It is so important that women should be educated that Baha’u’llah has said that although boys and girls should both receive education, the girls should have priority. This is because women bear the children and nurture them in their earliest years and they are thus the first educators of the next generation. Their influence upon their child will thus, have a tremendous and lasting impact, which will remain with the child for the rest of his or her life. If women are well educated, forming peaceful ideals and abandoning all prejudices, their influence upon the next generation will effect the future of society and result in the advancement of civilization as a whole.
The time has come for a change in our attitude towards women and girls, who represent half the population of the world. The teachings of the Baha’i Faith advocate the peaceful transformation of society, a transformation based on justice, involving education for all, the alleviation of poverty and the abandonment of deeply rooted prejudices. Abdul-Baha, the son of Baha’u’llah, tells us that, “The world in the past has been ruled by force, and man has dominated over woman by reason of his more forceful and aggressive qualities both of body and mind. But the balance is already shifting: force is losing its dominance, and mental alertness, intuition, and the spiritual qualities of love and service, in which women are strong, are gaining ascendancy.”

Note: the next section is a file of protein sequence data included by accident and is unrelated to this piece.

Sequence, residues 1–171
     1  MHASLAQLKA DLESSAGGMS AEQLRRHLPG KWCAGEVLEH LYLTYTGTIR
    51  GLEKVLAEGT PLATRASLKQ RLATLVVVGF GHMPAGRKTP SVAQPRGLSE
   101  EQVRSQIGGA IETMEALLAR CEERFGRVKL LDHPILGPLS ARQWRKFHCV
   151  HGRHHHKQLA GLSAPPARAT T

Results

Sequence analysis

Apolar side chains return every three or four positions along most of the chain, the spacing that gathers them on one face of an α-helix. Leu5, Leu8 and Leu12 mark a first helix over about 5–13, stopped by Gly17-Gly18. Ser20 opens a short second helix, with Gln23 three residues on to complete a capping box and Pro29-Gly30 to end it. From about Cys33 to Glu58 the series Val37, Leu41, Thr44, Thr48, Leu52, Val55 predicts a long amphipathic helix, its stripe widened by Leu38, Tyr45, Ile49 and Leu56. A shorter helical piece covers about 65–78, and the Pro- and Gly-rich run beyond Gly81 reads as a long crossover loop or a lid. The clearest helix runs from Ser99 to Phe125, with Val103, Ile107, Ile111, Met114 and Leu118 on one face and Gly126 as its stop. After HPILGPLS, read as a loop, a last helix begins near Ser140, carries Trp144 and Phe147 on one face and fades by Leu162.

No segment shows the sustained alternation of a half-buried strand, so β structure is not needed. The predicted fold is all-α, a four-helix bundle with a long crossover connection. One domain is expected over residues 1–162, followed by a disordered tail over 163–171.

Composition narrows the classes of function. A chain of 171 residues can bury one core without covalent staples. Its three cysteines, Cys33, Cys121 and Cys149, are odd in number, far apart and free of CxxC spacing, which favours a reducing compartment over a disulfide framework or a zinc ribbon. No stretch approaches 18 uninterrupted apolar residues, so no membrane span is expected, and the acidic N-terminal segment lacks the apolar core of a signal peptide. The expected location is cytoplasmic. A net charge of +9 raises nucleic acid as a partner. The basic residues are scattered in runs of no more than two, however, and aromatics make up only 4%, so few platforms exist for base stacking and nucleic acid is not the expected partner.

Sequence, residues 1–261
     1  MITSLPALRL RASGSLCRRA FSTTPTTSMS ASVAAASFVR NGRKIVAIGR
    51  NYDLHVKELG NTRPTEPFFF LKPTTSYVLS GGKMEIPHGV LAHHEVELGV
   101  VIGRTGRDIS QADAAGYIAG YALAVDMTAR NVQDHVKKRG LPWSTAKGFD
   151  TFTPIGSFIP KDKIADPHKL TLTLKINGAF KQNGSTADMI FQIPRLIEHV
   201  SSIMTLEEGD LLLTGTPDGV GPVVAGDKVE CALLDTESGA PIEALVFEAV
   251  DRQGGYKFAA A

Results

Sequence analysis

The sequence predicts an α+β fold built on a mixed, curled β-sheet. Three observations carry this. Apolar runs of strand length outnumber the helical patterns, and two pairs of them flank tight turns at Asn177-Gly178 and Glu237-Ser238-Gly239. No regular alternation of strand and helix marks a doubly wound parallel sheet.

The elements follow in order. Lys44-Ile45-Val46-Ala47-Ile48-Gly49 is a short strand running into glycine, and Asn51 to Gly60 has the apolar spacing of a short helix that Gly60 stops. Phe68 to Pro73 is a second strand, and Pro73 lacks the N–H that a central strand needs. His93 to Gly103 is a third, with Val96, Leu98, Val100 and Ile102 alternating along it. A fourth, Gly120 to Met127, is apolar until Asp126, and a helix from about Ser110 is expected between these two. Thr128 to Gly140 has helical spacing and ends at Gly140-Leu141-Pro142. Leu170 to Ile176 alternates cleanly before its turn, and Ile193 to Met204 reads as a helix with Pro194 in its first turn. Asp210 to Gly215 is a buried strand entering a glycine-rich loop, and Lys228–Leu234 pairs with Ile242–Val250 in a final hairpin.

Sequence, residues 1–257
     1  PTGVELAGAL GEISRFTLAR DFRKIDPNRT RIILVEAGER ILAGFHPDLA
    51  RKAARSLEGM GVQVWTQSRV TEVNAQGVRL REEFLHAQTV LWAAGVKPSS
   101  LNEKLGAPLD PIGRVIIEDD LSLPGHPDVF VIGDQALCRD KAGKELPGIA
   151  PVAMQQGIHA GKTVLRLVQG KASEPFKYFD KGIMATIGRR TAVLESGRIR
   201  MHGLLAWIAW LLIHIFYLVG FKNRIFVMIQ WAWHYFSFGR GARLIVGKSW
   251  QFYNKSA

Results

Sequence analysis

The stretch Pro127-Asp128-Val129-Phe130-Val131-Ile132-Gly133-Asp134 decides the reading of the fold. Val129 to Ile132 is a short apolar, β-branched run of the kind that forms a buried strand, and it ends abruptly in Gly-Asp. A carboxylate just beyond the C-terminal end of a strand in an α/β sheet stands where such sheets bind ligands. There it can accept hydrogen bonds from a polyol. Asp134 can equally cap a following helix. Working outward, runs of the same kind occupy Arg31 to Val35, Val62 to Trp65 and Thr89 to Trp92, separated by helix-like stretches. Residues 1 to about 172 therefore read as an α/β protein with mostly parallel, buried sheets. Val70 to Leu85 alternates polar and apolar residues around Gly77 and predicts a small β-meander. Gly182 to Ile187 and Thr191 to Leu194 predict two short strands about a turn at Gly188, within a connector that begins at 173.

At a time when conquest and aggression have lost their credibility as means of solving difficult problems, qualities in which women are strong, such as the capacity to link intuition to the other rational processes, and facility with networking and co-operation, are gaining importance. The involvement of women in making decisions at all levels of society is an essential element in the attainment of world-wide unity, and as Bahá'u'lláh wrote more than a century ago, "The well-being of mankind, its peace and security, are unattainable unless and until its unity is firmly established."